Prosecutors in the college admissions scandal released the alleged athletic resume of Olivia Jade, the youngest daughter of Lori Loughlin and Mossimo Giannulli, in a recent court filing. The documents were filed by prosecutors in the nation’s largest admissions scandal, which has provided a look into the lengths of deception that wealthy parents were willing to go to get their children into prestigious schools.
Loughlin and Giannulli have been charged with three conspiracy counts for allegedly paying $500,000 in bribes to get their two daughters into USC. Rick Singer, the mastermind of the admissions scandal, allegedly crafted the athletic resume to get Olivia Jade into USC as a fake athletic recruit, a strategy that he referred to as the “side door.”
The resume is partially redacted however it does state the last name of the individual, Giannulli, and the graduation date of the individual, which matches the graduation date of Loughlin and Giannulli’s youngest daughter, Olivia Jade. The two paged resume paints Olivia Jade as a champion member of the rowing team, with a skill set of “awareness, organization, direction and steering.” The athletic resume then lists Olivia Jade’s long list of rowing accomplishments including; a Gold Medal at the San Diego Crew Classic in 2016 and 2014; a Silver Medal at the US Rowing Southwest Regional Junior Championships in 2016; and a top 3 finish over the past 4 years at the Marin Crew Festival. The athletic resume finishes by stating that Olivia Jade’s sister is currently on the roster and fills the position of USC #4 boat. It then describes Olivia Jade as highly talented rower that can be successful in both men’s and women’s boats. Prosecutor’s claim this is false, and that Giannulli did not even participate in crew competitively.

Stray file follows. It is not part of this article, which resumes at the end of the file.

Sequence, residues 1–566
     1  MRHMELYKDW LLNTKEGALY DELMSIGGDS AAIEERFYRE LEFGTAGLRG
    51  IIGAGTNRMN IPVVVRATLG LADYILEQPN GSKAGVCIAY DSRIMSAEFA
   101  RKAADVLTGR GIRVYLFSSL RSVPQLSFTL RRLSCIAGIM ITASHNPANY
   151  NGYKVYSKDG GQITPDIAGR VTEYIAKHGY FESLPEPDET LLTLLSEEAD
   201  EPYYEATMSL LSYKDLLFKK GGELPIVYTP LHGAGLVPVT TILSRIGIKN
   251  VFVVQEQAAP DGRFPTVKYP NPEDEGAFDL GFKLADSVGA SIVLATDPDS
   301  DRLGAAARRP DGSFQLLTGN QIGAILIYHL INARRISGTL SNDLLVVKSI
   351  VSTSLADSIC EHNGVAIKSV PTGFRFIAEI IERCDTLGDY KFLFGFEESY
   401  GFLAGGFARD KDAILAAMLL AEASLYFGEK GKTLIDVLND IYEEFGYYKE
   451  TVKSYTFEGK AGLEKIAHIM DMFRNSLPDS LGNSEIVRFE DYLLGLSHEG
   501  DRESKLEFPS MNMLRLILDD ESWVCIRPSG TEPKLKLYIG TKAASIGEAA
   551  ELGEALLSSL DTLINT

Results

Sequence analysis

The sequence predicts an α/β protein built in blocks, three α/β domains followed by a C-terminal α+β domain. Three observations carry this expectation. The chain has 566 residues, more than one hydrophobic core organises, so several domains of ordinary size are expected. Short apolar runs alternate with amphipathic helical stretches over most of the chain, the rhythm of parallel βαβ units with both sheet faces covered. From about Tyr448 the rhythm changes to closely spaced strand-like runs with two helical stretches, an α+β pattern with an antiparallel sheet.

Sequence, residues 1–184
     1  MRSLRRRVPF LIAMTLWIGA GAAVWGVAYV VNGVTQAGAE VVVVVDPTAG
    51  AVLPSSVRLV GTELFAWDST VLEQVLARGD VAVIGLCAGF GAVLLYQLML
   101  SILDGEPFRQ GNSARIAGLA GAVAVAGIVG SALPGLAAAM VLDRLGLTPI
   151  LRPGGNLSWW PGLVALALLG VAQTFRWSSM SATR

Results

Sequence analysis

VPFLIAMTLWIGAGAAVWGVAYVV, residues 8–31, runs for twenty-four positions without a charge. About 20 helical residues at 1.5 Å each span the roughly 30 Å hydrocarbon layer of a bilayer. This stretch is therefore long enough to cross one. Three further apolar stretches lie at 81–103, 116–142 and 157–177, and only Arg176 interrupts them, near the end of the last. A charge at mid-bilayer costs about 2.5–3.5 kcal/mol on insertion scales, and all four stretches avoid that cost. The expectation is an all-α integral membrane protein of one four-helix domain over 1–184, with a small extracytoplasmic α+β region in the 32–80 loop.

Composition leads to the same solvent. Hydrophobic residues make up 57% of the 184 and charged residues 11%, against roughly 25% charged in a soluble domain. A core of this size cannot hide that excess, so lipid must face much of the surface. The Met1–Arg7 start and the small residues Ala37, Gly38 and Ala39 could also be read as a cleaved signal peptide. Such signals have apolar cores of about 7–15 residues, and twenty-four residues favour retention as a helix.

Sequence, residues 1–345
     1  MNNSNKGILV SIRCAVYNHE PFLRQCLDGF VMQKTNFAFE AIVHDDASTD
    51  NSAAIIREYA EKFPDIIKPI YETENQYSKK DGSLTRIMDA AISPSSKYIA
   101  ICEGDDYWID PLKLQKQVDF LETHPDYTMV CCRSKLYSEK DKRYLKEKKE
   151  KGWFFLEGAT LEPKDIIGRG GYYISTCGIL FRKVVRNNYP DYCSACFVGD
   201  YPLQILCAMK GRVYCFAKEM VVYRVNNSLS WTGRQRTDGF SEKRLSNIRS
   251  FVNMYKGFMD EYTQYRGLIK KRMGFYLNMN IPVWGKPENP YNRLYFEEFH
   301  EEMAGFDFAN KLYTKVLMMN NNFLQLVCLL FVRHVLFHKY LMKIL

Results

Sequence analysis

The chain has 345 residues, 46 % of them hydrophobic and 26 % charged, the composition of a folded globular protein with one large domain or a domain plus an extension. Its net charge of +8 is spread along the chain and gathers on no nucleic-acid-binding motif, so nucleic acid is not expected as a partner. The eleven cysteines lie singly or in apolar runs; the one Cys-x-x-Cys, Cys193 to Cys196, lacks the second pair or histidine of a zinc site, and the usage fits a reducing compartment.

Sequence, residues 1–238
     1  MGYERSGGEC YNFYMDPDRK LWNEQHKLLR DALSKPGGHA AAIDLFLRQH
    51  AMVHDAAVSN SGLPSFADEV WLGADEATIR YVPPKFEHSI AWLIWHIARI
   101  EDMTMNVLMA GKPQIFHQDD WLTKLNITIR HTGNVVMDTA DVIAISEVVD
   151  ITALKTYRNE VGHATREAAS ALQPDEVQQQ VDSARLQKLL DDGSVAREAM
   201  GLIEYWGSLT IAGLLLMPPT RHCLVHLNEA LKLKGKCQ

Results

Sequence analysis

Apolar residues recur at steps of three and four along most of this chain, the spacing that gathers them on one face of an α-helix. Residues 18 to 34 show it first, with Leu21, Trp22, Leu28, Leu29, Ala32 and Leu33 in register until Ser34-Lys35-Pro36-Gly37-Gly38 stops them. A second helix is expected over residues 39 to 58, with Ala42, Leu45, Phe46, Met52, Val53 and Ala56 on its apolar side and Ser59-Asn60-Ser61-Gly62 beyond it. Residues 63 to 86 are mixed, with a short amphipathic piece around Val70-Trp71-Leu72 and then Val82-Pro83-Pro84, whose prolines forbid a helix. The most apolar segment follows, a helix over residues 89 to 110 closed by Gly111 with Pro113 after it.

On Friday, prosecutors released documents in a legal filing in response to Loughlin and Giannulli’s argument that the government was withholding evidence that would prove the parent’s innocence. The defense attorney for the couple claimed that the government was “concealing exculpatory evidence that helps show that both the defendants believed that all the payments they made would go to USC itself…”
The couple awaits trial on a slew of charges including bribery, money laundering conspiracy to commit mail and wire fraud. The couple maintains their innocence and has continually pleaded not guilty to all the charges filed against them. Early on in the investigation Loughlin and Giannulli rejected a plea deal, since then prosecutors have sought an indictment that added more serious fraud and money laundering charges against them. With the added charges the couple could face up to 40 years in prison if found guilty. Olivia Jade Giannulli has not been charged in the admissions case, however it is unclear how much she knew about the lengths her parents’ went to get her into college. Prosecutor’s could apply pressure to Loughlin and Giannulli by calling Olivia Jade to testify against them. This may pressure the couple into pleading guilty to avoid their daughter testifying against them.
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